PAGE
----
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IATA Poll: Inability to Travel is Taking a Toll

A survey of recent travelers by the International Air Transport Association (IATA) shows that people are frustrated with the loss of freedom to travel due to the COVID-19 pandemic as 68 percent of respondents indicated their quality of life is suffering and nearly 40 percent reported mental stress due to travel restrictions.  One third of the respondents said that the restrictions have prevented them from conducting business normally.

While there is public support for travel restrictions, it is becoming clear that people are feeling more comfortable with managing the risks associated with the Coronavirus.  And airlines need to be ready.

“The top priority of everybody at the moment is staying safe amid the COVID-19 crisis,” said Alexandre de Juniac, IATA’s director general and CEO.  “But it is important that we map a way to being able to re-open borders, manage risks and enable people to get on with their lives.  That includes the freedom to travel.  It is becoming clear that we will need to learn to live and travel in a world that has COVID-19. Given the health, social and economic costs of travel restrictions, airlines should be ready to re-connect the world as soon as governments are able to re-open borders.  That’s why a plan with measurable milestones is so critical.  Without one, how can we be prepared for restart without an unnecessary delay?”

The IATA survey found that:

  • 88 percent believe that when opening borders, the right balance must be struck between managing COVID-19 risks and getting the economy going again;
  • 85 percent believe that governments should set COVID-19 targets (such as testing capacity or vaccine distribution) to re-open borders;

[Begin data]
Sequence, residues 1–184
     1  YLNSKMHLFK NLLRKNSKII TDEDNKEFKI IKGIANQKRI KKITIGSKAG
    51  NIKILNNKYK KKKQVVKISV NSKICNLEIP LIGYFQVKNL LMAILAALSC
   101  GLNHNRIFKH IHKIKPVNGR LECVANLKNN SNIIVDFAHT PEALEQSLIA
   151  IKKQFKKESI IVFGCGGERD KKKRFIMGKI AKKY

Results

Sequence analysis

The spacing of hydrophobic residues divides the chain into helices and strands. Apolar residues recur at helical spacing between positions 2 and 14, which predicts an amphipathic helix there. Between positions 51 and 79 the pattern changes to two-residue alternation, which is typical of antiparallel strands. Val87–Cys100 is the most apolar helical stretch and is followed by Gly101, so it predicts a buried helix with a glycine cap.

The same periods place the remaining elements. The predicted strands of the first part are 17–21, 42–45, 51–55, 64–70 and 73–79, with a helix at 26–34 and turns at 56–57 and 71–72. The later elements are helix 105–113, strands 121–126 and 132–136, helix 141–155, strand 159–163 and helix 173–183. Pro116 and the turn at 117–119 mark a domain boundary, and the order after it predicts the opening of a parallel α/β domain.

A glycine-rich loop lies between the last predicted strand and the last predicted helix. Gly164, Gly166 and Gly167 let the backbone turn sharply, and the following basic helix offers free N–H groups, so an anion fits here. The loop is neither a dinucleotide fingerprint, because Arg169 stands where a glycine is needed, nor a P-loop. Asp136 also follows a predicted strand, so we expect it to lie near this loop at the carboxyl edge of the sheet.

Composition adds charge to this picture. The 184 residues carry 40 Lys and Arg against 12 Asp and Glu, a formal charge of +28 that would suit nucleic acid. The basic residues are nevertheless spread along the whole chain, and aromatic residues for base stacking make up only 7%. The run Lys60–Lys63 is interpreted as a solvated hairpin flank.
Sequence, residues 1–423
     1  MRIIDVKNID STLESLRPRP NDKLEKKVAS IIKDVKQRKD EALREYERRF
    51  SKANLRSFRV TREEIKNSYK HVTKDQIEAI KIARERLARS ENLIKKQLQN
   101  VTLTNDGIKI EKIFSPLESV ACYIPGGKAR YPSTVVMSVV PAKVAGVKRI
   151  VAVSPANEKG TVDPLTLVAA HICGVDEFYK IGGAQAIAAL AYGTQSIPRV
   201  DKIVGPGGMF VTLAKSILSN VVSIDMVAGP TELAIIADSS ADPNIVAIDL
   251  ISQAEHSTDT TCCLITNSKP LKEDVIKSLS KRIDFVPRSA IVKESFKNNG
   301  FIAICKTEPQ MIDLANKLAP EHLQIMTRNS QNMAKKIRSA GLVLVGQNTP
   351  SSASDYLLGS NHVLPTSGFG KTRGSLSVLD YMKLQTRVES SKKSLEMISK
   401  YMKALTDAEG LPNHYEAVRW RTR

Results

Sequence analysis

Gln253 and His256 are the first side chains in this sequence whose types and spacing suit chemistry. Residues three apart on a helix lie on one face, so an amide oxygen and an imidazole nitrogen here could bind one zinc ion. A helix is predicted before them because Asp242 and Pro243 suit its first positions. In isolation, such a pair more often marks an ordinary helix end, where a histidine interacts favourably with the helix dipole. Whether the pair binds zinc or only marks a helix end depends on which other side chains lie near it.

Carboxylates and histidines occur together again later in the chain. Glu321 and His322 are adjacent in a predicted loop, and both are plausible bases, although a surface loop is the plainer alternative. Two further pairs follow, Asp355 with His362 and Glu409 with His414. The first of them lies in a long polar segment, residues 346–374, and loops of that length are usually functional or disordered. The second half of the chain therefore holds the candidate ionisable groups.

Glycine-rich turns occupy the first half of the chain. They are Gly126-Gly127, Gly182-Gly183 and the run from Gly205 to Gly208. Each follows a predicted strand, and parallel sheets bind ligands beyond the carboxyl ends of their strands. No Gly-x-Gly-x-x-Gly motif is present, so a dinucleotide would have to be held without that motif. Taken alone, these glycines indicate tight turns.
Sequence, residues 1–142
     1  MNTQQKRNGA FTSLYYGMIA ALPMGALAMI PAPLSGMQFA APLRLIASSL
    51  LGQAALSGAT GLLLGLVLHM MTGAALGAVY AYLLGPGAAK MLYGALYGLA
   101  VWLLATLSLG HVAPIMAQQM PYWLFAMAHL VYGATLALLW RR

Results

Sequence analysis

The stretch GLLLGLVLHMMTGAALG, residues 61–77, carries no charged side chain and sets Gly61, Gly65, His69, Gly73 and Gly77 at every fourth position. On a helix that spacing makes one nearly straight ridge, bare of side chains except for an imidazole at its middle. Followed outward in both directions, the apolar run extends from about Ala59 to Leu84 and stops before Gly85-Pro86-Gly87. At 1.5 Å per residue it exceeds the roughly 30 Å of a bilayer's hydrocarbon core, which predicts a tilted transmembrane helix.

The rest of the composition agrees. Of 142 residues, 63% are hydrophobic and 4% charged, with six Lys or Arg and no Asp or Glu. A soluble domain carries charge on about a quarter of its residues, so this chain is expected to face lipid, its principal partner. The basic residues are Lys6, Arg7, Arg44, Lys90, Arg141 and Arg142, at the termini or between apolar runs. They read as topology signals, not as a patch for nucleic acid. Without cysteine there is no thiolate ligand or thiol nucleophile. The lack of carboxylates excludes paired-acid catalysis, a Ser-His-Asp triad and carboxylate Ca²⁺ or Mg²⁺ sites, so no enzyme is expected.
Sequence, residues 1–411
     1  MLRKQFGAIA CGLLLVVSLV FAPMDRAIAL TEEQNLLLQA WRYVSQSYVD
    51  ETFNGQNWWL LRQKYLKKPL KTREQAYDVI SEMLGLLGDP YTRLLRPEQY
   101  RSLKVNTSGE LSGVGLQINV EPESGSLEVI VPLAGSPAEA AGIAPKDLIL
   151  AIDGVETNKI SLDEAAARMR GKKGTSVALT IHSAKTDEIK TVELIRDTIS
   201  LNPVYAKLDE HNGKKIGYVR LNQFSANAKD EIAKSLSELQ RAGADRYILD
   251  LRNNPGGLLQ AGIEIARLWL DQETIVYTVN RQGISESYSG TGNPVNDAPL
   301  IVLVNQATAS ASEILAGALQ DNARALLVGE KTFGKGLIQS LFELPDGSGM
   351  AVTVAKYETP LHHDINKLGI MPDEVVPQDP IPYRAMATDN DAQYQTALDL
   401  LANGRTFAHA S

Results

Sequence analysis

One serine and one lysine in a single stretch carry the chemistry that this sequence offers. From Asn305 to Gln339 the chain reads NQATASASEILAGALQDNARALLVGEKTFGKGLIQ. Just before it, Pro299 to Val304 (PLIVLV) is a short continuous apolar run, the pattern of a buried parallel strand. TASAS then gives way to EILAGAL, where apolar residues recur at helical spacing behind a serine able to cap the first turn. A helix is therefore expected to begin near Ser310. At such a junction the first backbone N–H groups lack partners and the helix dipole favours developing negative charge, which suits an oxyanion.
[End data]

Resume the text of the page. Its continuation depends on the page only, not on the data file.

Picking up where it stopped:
• 84 percent believe that COVID-19 will not disappear, and we need to manage its risks while living and travelling normally;
  • 68 percent agreed that their quality of life has suffered with travel restrictions; and
  • 49 percent believe that air travel restrictions have gone too far.

The survey also found that:

  • 57 percent expect to be traveling within two months of the pandemic being contained (improved from 49 percent in September 2020);
  • 72 percent want to travel to see family and friends as soon as possible (improved from 63 percent in September 2020);
  • 81 percent believe that they will be more likely to travel once they are vaccinated;
  • 84 percent said they will not travel if there is a chance of quarantine at destination (largely unchanged from 83 percent in September 2020); and
  • 56 percent believe that they will postpone travel until the economy stabilizes (improved from 65 percent in September 2020).

While there are some headwinds in travel trends, about 84 percent of travelers will not travel if it involves a quarantine at the destination.

“People want to get back to travel, but quarantine is the showstopper.  As testing capacity and technology improves and the vaccinated population grows, the conditions for removing quarantine measures are being created.  And this points us again towards working with governments for a well-planned re-opening as soon as conditions allow,” said de Juniac.